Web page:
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Patient Resources

At Morrison Cancer Center, we understand the significance of serving as a resource for our patients. We make sure you know someone is there every step of the way -- from holding your hand during treatment to providing valuable informational links on our website. We know your journey will not be easy, but we help to ease your mind with up-to-date information and helpful guidance.

What is Cancer?

Cancer is a diagnostic term describing illnesses caused by the uncontrolled growth of malignant cells. Our bodies contain a wide array of cells, each containing 23 pairs of chromosomes. Cancer cells typically have genetic chromosomal mutations that alter their behavior. Once those cells become malignant, they grow rapidly and have the potential to cause illness.

Tumors can be either benign or malignant. Benign tumors typically do not cause disease. Malignant tumors are characterized by the ability to invade surrounding normal tissue and spread to other organs in the body. This spreading of cancer cells through the blood or lymphatic system to other parts of the body is called metastasis.

Treatment Overviews

Cancer treatment recommendations are unique for each person. Factors that can influence your treatment plan are overall health, age, type and stage of cancer, and how aggressive it is. Cancer treatments may include surgery, chemotherapy, radiation therapy immunotherapy and/or biotherapy.

Every cancer treatment's goal is a cure. When a cure is not possible, your cancer may be managed much like a chronic disease. There are effective treatments to assist in slowing or controlling cancer growth, and appropriate symptom management will improve your quality of life. Contact your physicians for specific questions about your treatment.


All cancer treatments have potential side-effects, with symptoms and severity varying with each individual. The type of treatment you are receiving also influences side-effects. Talk to your health care provider if you have questions or problems with treatment side-effects.

Exercise is Important

A regular exercise program offers significant benefits during chemotherapy, including better appetite, improved sleep, increased resistance to fatigue and a feeling of normalcy in your day-to-day activities. Many people with cancer who participate in an exercise program, such as walking, say they feel better and more energetic. They also report fewer side-effects from their treatment. We generally do not limit activities that you can do during treatment. Ideally, you should aim for exercising a minimum of 3 to 4 times per week. There will be days when you do not feel like exercising. Listen to your body and do what you are able to do. Check with your physician before you begin any new exercise program, as it is important to know any precautions.

Support Groups

Many patient advocacy and cancer research groups provide patients and their families with advice, community resources and assistance in coping with a cancer diagnosis. Many also contribute to local and national cancer research endeavors. Joining a cancer support group can provide a source of strength for patients and families.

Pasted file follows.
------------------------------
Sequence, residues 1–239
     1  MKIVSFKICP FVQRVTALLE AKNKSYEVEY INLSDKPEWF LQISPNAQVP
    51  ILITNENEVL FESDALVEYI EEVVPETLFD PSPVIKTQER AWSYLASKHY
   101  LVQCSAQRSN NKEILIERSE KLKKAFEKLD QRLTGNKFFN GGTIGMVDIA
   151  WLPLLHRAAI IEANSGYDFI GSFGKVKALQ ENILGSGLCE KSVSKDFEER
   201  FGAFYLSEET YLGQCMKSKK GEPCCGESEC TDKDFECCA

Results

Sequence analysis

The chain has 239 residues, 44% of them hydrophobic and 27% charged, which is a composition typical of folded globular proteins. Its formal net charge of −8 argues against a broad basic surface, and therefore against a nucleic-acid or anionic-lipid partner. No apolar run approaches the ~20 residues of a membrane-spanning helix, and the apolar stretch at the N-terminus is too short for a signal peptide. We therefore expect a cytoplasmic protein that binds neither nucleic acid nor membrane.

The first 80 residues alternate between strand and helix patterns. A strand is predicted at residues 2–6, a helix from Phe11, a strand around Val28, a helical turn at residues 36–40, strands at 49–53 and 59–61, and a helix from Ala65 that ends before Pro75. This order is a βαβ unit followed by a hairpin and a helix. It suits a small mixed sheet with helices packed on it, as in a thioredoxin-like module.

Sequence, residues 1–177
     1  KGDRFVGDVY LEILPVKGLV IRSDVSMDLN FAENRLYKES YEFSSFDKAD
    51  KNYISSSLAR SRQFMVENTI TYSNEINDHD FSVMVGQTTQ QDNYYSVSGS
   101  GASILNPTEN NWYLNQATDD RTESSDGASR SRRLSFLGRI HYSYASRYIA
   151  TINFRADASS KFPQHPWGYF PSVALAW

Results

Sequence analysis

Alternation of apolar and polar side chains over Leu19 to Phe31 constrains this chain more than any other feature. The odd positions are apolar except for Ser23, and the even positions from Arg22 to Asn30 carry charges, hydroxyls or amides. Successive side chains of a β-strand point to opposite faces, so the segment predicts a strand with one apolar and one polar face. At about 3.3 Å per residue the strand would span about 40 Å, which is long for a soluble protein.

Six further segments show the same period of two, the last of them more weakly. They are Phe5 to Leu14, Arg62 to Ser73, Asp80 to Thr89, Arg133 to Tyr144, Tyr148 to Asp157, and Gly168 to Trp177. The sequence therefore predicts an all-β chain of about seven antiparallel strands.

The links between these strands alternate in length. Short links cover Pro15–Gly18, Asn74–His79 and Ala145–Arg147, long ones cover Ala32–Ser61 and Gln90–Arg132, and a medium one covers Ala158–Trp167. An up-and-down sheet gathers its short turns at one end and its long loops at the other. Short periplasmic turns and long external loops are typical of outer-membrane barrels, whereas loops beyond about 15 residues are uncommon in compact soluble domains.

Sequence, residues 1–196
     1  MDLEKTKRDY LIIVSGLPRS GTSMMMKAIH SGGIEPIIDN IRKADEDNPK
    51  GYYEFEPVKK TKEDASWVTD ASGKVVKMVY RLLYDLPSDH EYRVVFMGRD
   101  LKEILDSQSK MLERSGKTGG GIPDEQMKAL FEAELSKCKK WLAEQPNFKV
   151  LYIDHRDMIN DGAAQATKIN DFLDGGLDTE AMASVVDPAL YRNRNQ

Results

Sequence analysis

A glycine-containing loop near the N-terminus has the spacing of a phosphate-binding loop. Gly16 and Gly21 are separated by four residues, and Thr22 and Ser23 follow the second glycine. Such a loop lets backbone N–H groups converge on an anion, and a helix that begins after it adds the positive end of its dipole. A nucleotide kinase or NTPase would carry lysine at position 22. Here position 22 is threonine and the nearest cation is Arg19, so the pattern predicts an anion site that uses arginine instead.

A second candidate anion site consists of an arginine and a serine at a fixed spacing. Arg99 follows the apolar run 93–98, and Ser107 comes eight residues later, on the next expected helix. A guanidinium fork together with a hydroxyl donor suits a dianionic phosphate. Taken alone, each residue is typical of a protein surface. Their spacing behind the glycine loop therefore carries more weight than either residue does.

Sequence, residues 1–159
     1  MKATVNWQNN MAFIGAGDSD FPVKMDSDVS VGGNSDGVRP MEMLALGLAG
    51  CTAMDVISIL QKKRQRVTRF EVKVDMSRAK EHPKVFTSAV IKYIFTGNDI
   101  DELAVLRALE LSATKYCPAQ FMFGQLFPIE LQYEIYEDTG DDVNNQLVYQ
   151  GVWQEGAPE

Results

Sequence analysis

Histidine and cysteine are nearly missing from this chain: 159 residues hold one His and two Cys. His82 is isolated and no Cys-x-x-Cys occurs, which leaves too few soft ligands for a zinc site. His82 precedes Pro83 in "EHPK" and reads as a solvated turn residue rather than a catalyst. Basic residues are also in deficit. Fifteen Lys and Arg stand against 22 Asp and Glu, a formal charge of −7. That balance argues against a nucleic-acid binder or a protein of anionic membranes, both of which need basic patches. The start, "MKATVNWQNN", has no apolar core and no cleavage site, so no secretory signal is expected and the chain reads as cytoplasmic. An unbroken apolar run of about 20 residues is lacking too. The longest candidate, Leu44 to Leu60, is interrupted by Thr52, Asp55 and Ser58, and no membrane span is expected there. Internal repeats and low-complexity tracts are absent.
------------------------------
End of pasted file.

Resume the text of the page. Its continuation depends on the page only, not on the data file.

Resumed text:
The Mary Lanning Cancer Support Group meets on the fourth Thursday of every month. Find more information on our calendar.

Accepting Help

You must accept help when you are facing the diagnosis and treatment of cancer. Your physicians will determine your treatment, directing lab work, surgery, chemotherapy, radiation and follow-up tests. This allows you to focus on other aspects of your life.

“What can I do to help?” is a question you will hear often as news of your cancer diagnosis unfolds. Don’t turn away concerned friends and family. Let them help you. Giving them suggestions on how they can help will keep you from receiving five pans of lasagna or two cars arriving at the same time to take your kids to soccer practice!

Determine what you need or want, such as:

  • Picking up your children from school or after-school activities
  • Helping with rides to the doctor
  • Doing laundry or mowing the lawn
  • Taking you out for a ride
  • Talking or keeping you company when you are having a down day
  • Assisting with paperwork or insurance details

If you want help with meals, give suggestions about what sounds good to you or what your family will eat. Suggesting a gift card is helpful, too, so your family can pick-up something when you don’t feel like cooking.

Remember, it’s okay to ask for help. Not only are your friends and family gifting you with their time and assistance, but you are gifting them with the opportunity to help you!

If you want to send thank you notes, a few ideas include:

  1. Ask each person who helps you to address an envelope with his or her name and address.
  2. Ask your family members to help write hank you notes. Even small children can draw a picture and you can pen a simple “thank you.”
  3. Allow a friend to help with thank you notes.

Visits can become overwhelming, so it is beneficial to ask family and friends to call before they visit. There are times when you may be extremely tired and all you want to do is rest. It’s okay for you or your family to say, “Today isn’t a good day, but please check with us tomorrow.”

Financial Guidance

A cancer diagnosis can cause concerns about finances and insurance, and there are several things you can do to prepare. Trusted friends or family can offer assistance.

Financial Matters

  • Compile a list of monthly bills and passwords for your online banking and payments. This allows your spouse or a family member to help while you are undergoing treatment.